BRIMSTONE AND THE BORDERHOUNDS # 1
Written by M.H. Carnevali
Art by Sahad Shah, Alan Chickering & Thiago Castro
Lettering by Thiago Castro
Review by Frankie Rodriguez
What happened: We are introduced to the world of Brimstone and the Borderhounds as souls are treating like a commodity, similar to how corporations deal with stocks and assets. We meet a piece of shit named Jack Dursey. Why do I say piece of shit? He made someone poor for the sheer hell of it, cheats on his wife and his a grade one coward. As he travels to hell after being murdered … Jack wonders why is he there, stating that he’s a good person. As he tries to escape Hell after a trap, he learns first hand what the Borderhounds and Brimstone are like.
Shah, Chickering and Castro give us a solid start to this first issue. There were all kinds of people of different shapes and sizes. We get some decent background work and solid panels from Shah and Chickering. They work well together to build this issue’s new world and its laws. There is a good amount of different territories and odd things to watch to enjoy in this book. We get a good amount of expression form Shah and Chickering’s art while Thiago does a good job with choloring things in with the right amount of shadow and color.
The red hues used in hell really were spectactular to help Shah and Chickering’s art to being out the tone and feeling of Hell. There are plenty of human and otherworldly things to look at which is great. Yet, with the book being order, the art does not necessarily as polished as something from other indie companies or the big two. Yet, it is still an impressive showing, even all these years later.
Carnevali presents us a bold, innovative look at humanity and hell. With hell seemingly acting like a corporation, we get to be introduced to a bold way on how souls are divvied up in hell. Carnevali spends this first issue driving plot and world building, showing us this world of hell while setting up a mystery. The murder that struck down Jack Dursey is still unsolved. We are introduced to Detective Altar, who seems to add how familiar this murder is that to the serial killer, Mr. Hostile. Carnevali is definitely building something here with the murder mystery while displaying how Hell and the Borderhounds work.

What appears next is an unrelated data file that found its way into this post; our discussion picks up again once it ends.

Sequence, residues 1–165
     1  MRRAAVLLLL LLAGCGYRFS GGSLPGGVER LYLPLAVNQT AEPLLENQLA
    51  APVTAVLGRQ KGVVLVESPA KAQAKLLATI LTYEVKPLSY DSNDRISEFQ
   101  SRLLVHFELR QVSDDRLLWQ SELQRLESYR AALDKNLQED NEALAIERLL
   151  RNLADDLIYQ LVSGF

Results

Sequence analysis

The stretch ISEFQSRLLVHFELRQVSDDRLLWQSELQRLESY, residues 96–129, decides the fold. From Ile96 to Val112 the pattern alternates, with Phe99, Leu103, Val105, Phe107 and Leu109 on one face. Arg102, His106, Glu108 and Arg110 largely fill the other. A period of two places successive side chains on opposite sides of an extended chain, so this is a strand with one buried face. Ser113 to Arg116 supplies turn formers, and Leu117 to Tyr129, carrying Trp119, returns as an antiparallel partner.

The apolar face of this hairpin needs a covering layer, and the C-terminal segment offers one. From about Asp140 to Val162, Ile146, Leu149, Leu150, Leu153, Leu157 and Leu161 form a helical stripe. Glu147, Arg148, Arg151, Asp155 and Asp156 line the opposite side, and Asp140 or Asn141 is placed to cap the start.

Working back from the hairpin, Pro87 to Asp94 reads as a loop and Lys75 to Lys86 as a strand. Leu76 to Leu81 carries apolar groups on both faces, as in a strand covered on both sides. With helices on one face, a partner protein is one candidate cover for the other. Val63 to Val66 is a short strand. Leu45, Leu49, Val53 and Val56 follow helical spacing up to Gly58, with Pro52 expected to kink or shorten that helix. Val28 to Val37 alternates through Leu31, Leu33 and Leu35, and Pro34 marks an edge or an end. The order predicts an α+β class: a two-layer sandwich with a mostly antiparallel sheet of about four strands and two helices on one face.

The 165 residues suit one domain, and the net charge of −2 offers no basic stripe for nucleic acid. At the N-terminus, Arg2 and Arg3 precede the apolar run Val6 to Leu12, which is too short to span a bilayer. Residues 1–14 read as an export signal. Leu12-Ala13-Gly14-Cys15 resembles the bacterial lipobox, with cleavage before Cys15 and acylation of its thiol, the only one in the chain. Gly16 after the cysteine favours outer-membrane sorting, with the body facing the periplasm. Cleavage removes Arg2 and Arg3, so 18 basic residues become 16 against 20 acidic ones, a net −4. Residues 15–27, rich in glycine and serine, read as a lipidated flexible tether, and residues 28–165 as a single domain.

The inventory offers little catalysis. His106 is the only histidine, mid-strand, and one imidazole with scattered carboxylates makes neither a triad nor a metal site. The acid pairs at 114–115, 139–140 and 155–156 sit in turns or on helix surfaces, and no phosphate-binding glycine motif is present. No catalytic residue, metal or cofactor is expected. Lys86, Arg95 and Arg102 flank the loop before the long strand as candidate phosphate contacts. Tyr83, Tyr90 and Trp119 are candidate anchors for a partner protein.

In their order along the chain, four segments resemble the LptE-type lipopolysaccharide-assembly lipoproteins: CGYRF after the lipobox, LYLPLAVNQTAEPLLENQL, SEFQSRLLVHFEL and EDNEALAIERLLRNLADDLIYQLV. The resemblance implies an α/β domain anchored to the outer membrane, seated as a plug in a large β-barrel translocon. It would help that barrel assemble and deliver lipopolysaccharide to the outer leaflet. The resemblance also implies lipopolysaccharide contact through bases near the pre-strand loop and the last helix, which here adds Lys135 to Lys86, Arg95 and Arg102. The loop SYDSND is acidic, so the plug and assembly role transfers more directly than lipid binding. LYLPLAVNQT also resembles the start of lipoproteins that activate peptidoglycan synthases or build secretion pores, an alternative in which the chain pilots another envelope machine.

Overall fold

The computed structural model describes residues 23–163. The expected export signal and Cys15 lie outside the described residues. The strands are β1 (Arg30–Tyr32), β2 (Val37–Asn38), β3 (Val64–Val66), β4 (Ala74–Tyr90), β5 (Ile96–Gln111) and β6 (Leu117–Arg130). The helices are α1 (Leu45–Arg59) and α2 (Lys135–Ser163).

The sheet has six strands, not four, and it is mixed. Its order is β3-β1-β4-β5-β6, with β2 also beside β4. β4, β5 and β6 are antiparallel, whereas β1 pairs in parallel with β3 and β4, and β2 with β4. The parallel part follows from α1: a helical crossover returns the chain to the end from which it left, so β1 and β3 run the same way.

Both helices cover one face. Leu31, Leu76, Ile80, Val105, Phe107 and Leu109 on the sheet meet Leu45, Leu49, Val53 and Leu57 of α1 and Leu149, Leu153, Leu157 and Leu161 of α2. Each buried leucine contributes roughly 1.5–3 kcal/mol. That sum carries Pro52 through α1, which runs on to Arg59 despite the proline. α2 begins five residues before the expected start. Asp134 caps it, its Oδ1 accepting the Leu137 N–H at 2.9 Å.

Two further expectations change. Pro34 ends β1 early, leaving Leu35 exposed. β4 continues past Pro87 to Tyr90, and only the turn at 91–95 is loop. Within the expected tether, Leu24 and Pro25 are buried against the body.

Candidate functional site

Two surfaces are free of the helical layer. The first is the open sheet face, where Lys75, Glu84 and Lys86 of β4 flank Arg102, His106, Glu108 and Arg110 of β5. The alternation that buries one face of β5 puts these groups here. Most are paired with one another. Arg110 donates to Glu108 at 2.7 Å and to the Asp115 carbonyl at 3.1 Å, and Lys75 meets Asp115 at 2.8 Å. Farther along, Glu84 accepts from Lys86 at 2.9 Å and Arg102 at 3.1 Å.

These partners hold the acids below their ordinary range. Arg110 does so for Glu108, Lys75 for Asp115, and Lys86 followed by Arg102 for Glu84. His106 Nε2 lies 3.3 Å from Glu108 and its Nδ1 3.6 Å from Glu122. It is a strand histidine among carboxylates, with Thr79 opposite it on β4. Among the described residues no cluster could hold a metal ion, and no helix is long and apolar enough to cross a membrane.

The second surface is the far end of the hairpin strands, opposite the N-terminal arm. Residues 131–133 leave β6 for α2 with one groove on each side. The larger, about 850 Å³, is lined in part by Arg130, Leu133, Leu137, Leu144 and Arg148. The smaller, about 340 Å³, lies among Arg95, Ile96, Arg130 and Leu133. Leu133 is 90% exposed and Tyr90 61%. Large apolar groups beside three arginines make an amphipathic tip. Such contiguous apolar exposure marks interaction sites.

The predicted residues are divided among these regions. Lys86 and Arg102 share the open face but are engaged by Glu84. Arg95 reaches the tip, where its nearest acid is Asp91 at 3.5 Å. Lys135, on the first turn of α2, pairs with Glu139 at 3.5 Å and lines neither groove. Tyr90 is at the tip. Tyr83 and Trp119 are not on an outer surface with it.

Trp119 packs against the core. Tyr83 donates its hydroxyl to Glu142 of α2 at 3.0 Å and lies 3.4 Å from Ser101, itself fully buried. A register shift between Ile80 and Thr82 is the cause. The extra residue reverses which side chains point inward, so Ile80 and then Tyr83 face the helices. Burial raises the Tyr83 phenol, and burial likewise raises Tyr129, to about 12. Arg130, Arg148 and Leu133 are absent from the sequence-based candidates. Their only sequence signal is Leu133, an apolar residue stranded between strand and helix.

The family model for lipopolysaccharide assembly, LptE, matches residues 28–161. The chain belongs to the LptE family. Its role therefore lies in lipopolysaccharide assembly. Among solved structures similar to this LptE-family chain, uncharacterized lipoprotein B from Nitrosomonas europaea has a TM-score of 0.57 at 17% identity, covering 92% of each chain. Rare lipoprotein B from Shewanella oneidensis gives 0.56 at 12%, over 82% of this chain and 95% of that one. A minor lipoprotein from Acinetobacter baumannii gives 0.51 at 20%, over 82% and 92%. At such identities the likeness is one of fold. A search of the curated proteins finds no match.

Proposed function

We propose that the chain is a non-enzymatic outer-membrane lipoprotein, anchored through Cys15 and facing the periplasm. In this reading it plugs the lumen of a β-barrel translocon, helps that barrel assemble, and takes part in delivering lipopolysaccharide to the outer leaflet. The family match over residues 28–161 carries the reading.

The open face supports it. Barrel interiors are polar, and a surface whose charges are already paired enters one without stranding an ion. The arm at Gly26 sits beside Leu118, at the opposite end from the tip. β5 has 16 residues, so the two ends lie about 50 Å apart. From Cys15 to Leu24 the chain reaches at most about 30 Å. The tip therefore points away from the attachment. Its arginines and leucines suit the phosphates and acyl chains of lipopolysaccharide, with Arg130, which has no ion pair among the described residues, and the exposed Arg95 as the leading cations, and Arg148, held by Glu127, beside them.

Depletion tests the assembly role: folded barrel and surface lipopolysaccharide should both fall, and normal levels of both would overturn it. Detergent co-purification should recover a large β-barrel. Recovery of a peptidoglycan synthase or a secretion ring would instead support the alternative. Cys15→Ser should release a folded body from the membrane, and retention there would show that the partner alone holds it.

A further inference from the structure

Carnevali does well showing characters and emotions well, giving distinct verbage and dilect to his characters. He does a great job being immersely. We don’t meet our main character till the end of the first issue, but Canevali builds the suspense well. And while we got to know Jack’s personality well, we were more told of his crimes then shown. Otherwise, it was a solid first issue.
We open Brimstone and the Borderhounds with a look into their universe and how things operate. We are guided with a man who seemingly deserves to burn in Hell, but get presented with a harsh landscape. The art is pretty good, displaying much that the afterlife has to offer while we get strong dialogue and story with an innovative concept that is pulled off well. I give Brimstone and the Borderhounds # 1 a 4 out of 5.